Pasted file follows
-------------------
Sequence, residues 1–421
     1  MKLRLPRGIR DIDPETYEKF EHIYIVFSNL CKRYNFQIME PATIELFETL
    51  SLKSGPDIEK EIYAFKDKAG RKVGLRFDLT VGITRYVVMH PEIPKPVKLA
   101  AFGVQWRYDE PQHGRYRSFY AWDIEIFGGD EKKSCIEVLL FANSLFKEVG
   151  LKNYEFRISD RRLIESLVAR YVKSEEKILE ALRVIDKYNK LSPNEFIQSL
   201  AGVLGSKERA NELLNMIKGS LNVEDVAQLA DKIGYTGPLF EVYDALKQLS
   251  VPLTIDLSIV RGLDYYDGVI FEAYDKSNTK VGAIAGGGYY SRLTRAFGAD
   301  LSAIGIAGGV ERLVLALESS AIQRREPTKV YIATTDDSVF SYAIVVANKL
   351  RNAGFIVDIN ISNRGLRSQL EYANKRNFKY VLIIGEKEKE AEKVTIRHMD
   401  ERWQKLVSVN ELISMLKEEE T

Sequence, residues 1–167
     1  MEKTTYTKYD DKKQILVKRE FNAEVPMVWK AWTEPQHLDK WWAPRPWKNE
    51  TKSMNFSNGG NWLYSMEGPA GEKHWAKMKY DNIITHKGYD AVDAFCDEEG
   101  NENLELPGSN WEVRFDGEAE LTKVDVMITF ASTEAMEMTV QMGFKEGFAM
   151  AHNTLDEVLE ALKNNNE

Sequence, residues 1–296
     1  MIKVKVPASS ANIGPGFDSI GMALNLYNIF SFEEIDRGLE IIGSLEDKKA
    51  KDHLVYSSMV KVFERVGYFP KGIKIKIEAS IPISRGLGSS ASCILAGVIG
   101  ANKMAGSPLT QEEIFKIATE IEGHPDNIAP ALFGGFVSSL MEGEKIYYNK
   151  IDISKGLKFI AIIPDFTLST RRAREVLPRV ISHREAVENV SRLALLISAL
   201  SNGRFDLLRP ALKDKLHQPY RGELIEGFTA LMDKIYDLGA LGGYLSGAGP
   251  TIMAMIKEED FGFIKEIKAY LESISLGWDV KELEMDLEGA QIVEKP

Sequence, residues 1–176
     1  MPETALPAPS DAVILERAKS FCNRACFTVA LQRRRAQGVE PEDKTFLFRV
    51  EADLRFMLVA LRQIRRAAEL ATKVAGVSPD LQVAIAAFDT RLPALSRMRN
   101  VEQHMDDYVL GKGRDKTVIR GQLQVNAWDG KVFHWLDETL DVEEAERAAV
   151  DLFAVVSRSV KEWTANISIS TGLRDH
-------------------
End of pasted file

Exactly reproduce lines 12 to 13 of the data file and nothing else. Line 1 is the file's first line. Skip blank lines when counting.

     1  MEKTTYTKYD DKKQILVKRE FNAEVPMVWK AWTEPQHLDK WWAPRPWKNE
    51  TKSMNFSNGG NWLYSMEGPA GEKHWAKMKY DNIITHKGYD AVDAFCDEEG